The swordfish certainly stands out in a crowd. This creature of the sea has a long beak, which looks like a sword. Growing up to 15 feet in length, the whole fish can weigh up to 1400 pounds – that’s a lot of meat! So what does swordfish taste like and is it worth your money? Keep reading to get an in-depth review.
Describing the flavor
Swordfish is a mild, slightly sweet fish. It has white or pinkish-orange flesh when raw, which turns beige once cooked. It offers a dense moist texture which is often compared to beef steak. This mild seafood is a good option for those new to eating fish and anyone that doesn’t enjoy “fishy tasting” fish.
Swordfish have moderately high levels of oil content as they are a pelagic oily fish. Their fillets contain almost 30% oil – this is the opposite of white fish, such as catfish or walleye, which carry much less oil in their liver.
If you enjoy a “meaty-textured” fish, then the swordfish is a good option. It is this texture that distinguishes it from many other types of fish. Salmon, red snapper, and halibut are delicate fish that come apart easily in flakes. Swordfish is almost always served like a steak and will require a knife to slice into smaller pieces.
Flavor Profile: Summary
- Compared to tuna, swordfish has a significantly stronger flavor.
- Compared to marlin, swordfish is more oil with a stronger flavor.
- Compared to mahi mahi, swordfish has a stronger flavor.
Broadbill, Espada, or Emperado, Xiphias gladius
Tender, fresh swordfish will taste amazing on its own or with a simple coating of olive oil and a sprinkle of salt and pepper. To give it some extra depth of flavor, experiment with any of the following herbs and spices:
- salt and pepper
Swordfish pairs with many flavors well so you can be creative with your side dishes. Try not to use flavor-packed sides. They’ll overwhelm this mild-flavored fish. Try one or two of these:
- grilled vegetables
- raw greens
- cauliflower cheese
Choosing the right swordfish
As with any seafood, choosing fresh, quality swordfish loins will make or break your meal. Keep a close eye on the vein running through the fish. A red bloodline indicates fresh meat, darker brown or black is a sign of old fish.
Pay close attention to the color of the flesh. It should be ivory in color, bordering on translucent. Older or previously frozen steaks will have turned opaque.
If you see spots of red, this is a giveaway sign that the fish was highly stressed when it was caught. Don’t buy this product as it will have an unpleasant texture.
The color of the steaks will vary depending on where the fish was caught. Expect increased reddish color in the East Coast variety with a more muted red in Pacific swordfish.
How to fry swordfish
Swordfish is usually cooked as a steak and is ideal for shallow frying.
- Minimal preparation is required. You may want to use a sharp knife to cut off the red areas of flesh, as these have a stronger flavor. If you like plenty of flavor then leave as is.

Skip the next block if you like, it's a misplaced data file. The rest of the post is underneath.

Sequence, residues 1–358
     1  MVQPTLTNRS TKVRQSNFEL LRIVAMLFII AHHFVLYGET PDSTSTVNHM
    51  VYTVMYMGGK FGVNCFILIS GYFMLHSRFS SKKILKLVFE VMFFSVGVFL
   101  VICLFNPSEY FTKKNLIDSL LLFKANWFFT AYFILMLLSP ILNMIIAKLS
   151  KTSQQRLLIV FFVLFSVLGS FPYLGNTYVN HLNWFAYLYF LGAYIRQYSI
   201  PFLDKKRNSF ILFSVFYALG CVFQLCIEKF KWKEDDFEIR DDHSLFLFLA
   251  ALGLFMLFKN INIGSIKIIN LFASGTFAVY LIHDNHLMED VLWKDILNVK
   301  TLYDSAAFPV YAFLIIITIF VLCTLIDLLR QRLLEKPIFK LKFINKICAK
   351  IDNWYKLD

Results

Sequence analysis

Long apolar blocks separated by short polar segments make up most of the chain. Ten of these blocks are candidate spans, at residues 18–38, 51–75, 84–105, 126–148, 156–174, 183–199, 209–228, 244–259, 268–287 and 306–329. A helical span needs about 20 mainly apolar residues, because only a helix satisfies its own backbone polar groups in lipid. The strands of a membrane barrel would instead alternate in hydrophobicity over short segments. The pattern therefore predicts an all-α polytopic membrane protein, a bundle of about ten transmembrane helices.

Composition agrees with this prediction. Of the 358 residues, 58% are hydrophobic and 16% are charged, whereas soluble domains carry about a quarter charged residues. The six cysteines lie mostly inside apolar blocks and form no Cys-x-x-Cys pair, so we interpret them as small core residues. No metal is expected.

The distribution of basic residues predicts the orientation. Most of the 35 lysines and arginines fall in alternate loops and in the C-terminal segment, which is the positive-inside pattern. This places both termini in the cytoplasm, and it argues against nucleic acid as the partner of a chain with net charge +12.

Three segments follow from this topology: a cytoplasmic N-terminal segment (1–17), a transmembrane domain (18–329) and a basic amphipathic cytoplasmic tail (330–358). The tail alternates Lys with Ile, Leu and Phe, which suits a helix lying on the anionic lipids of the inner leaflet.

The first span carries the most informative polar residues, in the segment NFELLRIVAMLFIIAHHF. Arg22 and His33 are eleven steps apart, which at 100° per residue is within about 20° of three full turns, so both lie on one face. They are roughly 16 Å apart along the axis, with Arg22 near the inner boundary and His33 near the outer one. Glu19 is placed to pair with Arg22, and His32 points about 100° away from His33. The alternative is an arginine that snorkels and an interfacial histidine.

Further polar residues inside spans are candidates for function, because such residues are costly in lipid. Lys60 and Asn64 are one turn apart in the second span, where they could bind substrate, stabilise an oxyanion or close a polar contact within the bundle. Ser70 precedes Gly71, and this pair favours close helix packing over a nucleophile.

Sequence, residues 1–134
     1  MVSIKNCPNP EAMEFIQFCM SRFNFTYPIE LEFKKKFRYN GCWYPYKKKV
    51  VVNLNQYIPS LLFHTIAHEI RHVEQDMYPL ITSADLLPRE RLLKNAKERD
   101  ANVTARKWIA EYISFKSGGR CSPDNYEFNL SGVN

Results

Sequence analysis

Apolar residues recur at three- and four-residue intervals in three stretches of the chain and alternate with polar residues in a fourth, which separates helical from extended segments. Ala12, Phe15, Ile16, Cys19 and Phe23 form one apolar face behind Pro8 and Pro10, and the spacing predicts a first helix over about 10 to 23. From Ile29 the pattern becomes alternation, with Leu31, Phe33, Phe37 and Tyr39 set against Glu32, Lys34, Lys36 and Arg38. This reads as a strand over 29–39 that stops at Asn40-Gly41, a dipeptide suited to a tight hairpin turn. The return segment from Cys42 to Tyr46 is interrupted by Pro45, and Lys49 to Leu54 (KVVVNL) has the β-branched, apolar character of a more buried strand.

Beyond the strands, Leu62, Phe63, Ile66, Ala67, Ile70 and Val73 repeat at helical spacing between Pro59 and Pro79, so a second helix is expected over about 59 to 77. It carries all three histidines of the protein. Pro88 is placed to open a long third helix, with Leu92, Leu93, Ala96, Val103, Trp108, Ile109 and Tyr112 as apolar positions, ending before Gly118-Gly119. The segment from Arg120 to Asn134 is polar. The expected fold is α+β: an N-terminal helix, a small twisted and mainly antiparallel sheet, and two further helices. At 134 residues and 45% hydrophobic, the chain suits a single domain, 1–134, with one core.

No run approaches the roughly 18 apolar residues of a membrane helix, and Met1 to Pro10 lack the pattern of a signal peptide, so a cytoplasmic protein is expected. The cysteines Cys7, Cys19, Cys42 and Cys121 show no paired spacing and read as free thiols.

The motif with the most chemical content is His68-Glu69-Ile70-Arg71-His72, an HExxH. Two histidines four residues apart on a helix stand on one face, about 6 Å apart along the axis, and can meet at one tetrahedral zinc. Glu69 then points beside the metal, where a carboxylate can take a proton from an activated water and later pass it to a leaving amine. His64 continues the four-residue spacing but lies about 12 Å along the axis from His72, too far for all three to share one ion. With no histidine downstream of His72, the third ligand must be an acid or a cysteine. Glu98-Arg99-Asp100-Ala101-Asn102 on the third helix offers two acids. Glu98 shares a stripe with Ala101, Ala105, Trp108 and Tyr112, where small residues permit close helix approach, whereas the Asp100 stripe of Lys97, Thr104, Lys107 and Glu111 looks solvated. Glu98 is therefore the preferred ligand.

- Pat down the fish with a paper towel to remove any moisture.
- The skin is best removed – you can do this before or after cooking, a lot like salmon.
- Treat swordfish steaks like a beefsteak. Toss them onto a hot, lightly oiled pan for five minutes before turning and allowing the other side to sear for two minutes. Remove the fish before it is cooked through. The ideal steak should still be pink in the middle.
- When plating up, place the side which was cooked for five minutes facing up. It should have a lovely seared appearance.
More cooking options
Other suitable cooking options include baking, broiling, grilling, sautéing, or smoking. Eaten raw, it makes a delicious sushi ingredient.
Unlike many fish that fall apart easily once cooked, swordfish keeps its form and stays intact. This texture is a handy feature when you’re grilling (barbecuing) as it won’t fall through the grates or transform into a mess. Cut the meat into chunks and add to a skewer before cooking, for another presentation option.
Cubed swordfish is an excellent addition added to a seafood chowder or fish casserole. It maintains its form nicely and is deliciously tender when slow-cooked.
It is best to avoid deep frying or poaching swordfish – the result is often tough fish.
Food safety caution from FDDA:
Women who are or might become pregnant, breastfeeding mothers, and young children should avoid eating swordfish due to high levels of mercury.
Swordfish is a mild, slightly sweet fish that is a good option for those that dislike strong-flavored fish like sardines or anchovies. Although the flavor isn’t overly amazing, it’s the texture that makes it unique. Dense and moist, there is some similarity to a beefsteak.
Cooking swordfish is relatively easy, although you won’t want to over-cook it. The result will be a very dry steak. Keep an eye on the color of the fish if you decide to fry it. Take it off the heat while it’s still pink inside for a tasty, moist fish that will be popular with most.
How do you cook your swordfish? Let us know in the comments below.